April 2014

Successful organisations are getting emotional about reputation.

Starbucks, Pearson, FT.com and EDF Get Emotional About Reputation

Successful organisations are getting emotional about reputation. 

We refer not to their state of mind, but to the aspect of stakeholder perceptions to which they are currently paying most attention.

At a summit with leading reputation professionals yesterday, we were delighted to see that emotion was king.

“Communication is not about facts, it is about hearts and mind” said Gareth Wynn, of EDF referring to the importance of mining data to understand stakeholders.

“Emotion comes first,” said Meredith Bell of Starbucks.

“Content should give an emotional gift,” said Brendan O’Grady of Pearson.

“We want people to feel something, emotion is an incredible part of engagement,” said Robert Shrimsley, Managing Editor of FT.com.

Just as anger, disgust and contempt plays a clear a role in reputation risk, the role of positive emotions such as delight and happiness is as powerful in reputation enhancement.

Here lies the challenge for true reputation professionals.

Creating emotional content is not nearly enough.

Mine big data for emotion

Firstly, as Gareth Wynn of EDF stated, “mining data for word of mouth” is vital, it sets the context for your communications and for the reputation ambition.  Mining data for emotion - such as our Reputation Tracker - provides a whole new level of insight to inform strategy.

Create emotional content that supports business strategy 

Emotional content should resonate with stakeholders, provide them with a sense of belonging and leave them with a feeling, not just fact.  At the same time every piece of communication is designed to support business strategy.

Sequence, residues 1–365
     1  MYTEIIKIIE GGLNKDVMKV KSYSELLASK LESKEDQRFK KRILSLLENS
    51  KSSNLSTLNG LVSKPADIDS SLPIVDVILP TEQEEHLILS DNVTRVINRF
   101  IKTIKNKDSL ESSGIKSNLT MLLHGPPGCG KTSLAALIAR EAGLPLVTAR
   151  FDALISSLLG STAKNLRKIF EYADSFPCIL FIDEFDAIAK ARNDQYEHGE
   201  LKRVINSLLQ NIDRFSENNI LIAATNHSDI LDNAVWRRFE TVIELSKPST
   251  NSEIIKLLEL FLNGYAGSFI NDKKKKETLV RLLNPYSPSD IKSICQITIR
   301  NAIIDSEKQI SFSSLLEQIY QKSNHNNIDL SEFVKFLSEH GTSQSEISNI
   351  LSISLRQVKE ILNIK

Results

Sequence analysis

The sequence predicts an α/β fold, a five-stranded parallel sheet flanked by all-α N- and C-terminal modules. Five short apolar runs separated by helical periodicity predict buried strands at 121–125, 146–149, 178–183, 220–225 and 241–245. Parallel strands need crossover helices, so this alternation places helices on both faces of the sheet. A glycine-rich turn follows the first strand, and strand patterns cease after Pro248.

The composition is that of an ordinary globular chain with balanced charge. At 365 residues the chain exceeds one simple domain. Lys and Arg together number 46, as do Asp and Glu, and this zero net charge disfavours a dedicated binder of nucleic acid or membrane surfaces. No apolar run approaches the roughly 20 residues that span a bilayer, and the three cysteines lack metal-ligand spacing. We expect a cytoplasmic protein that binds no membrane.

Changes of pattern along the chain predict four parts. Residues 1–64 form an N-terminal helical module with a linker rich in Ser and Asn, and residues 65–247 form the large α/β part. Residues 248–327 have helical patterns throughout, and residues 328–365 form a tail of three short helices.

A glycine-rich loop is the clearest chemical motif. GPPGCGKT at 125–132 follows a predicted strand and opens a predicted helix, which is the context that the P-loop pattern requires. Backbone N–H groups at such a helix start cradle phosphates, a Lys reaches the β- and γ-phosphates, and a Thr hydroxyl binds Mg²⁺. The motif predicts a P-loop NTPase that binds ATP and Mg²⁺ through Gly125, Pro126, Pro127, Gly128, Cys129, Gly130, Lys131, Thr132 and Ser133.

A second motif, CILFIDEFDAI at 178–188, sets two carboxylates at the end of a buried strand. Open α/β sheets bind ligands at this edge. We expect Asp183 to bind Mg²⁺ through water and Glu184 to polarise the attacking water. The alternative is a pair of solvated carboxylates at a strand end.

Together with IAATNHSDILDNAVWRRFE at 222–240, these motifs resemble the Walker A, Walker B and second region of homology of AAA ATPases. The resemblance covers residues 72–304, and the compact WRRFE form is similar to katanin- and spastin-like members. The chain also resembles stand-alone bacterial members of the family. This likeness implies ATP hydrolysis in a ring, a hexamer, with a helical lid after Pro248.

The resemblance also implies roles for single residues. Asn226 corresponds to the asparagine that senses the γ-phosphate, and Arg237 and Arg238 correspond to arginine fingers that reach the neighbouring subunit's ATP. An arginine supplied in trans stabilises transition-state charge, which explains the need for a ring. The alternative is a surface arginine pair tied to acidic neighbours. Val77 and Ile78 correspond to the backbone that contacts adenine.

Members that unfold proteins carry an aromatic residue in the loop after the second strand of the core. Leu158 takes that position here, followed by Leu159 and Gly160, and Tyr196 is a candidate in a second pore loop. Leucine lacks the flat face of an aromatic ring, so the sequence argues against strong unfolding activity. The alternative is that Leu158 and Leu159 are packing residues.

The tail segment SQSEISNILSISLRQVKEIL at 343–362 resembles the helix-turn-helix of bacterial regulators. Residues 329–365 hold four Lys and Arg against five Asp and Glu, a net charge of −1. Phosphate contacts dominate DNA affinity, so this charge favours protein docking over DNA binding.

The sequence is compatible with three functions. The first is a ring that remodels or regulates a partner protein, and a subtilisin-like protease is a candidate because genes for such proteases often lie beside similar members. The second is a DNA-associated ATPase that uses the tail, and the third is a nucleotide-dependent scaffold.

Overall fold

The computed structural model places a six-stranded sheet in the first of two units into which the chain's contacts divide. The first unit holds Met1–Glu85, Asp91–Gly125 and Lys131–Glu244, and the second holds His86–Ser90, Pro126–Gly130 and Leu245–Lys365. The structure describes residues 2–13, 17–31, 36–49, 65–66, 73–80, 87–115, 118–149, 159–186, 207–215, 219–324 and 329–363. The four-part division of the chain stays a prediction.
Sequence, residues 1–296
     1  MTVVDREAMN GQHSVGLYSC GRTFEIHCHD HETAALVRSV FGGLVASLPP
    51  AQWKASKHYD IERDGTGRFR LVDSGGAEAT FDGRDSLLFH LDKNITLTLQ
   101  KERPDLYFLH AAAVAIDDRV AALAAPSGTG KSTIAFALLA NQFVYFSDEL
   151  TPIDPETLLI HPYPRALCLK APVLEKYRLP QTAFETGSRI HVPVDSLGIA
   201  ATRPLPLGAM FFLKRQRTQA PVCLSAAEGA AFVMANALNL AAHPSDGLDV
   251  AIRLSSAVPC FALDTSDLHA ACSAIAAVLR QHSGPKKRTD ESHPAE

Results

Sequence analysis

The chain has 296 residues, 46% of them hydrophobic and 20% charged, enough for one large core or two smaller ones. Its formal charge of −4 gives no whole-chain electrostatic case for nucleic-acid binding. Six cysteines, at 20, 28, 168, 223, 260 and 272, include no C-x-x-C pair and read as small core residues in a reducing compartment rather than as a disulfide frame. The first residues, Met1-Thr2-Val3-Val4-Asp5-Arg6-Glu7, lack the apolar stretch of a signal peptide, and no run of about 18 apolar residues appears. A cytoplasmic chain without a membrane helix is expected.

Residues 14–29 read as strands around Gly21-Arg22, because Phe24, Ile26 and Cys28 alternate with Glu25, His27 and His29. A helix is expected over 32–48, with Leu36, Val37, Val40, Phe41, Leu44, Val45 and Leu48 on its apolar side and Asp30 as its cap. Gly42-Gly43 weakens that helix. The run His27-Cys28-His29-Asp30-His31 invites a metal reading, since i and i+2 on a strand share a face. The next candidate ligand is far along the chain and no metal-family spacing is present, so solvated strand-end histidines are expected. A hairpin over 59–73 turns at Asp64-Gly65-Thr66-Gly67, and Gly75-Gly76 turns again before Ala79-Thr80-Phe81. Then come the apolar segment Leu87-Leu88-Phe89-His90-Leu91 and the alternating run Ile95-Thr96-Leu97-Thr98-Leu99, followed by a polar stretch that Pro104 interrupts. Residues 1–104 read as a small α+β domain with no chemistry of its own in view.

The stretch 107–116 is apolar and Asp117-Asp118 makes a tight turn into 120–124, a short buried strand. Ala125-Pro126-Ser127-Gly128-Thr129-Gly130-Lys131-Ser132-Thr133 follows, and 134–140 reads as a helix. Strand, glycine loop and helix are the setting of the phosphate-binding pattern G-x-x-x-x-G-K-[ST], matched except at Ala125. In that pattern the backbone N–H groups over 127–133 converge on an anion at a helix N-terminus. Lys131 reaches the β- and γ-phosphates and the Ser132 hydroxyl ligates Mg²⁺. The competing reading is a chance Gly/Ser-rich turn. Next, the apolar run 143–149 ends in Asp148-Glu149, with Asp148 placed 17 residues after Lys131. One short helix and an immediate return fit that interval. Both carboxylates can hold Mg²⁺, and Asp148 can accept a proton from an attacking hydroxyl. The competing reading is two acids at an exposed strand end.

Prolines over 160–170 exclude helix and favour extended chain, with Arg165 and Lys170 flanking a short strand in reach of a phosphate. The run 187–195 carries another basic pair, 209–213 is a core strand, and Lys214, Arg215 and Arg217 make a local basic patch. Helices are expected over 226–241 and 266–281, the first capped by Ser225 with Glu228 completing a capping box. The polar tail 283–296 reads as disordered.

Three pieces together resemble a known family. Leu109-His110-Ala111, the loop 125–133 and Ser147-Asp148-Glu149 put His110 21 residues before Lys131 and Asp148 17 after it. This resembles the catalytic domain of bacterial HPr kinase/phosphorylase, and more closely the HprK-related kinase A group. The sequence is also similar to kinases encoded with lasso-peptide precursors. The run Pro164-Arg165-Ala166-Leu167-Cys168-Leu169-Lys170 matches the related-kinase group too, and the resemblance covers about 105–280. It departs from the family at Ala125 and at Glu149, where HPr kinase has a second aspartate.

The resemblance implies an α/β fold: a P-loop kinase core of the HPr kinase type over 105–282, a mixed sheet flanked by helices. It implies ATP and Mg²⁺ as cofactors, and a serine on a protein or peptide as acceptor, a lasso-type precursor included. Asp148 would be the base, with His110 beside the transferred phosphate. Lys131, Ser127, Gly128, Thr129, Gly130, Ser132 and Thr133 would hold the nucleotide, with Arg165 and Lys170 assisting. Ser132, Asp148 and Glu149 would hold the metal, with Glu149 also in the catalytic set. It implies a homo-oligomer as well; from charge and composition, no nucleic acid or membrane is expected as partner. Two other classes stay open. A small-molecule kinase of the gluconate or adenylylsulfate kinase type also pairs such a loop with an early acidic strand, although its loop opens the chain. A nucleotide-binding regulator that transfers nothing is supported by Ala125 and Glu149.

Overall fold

Gaining emotional buy-in from the board

The asset of reputation involves emotion.  Reputation risk can be predicted, prioritised and prevented through monitoring negative emotion.  Positive emotion is a key driver in enhancing reputation.  The need is to gain acknowledgement at board level of the relationship between emotion and reputation.

No emotional gap between what you ‘say’ and what you ‘do’

Emotions come from within a person. They are honest and can rarely be faked.  It is emotion that should drive actions.  So the emotions, not just the ‘actions’, of all staff - from board members to baristas must be given attention as they will affect reputation. Our RepCoach and RepPro Reputation Coaching programmes support teams, individuals and organisations in aligning personal with professional approaches for high performance.

Align external and internal emotion

Utter transparency means being on the inside what you claim to be on the outside.  The gap between emotion outside and inside an organisation is shrinking rapidly.  Reputation professionals are now spending more time with internal colleagues to generate genuine emotion and real stories rather than trying to artificially enhance external perceptions through marketing and spin.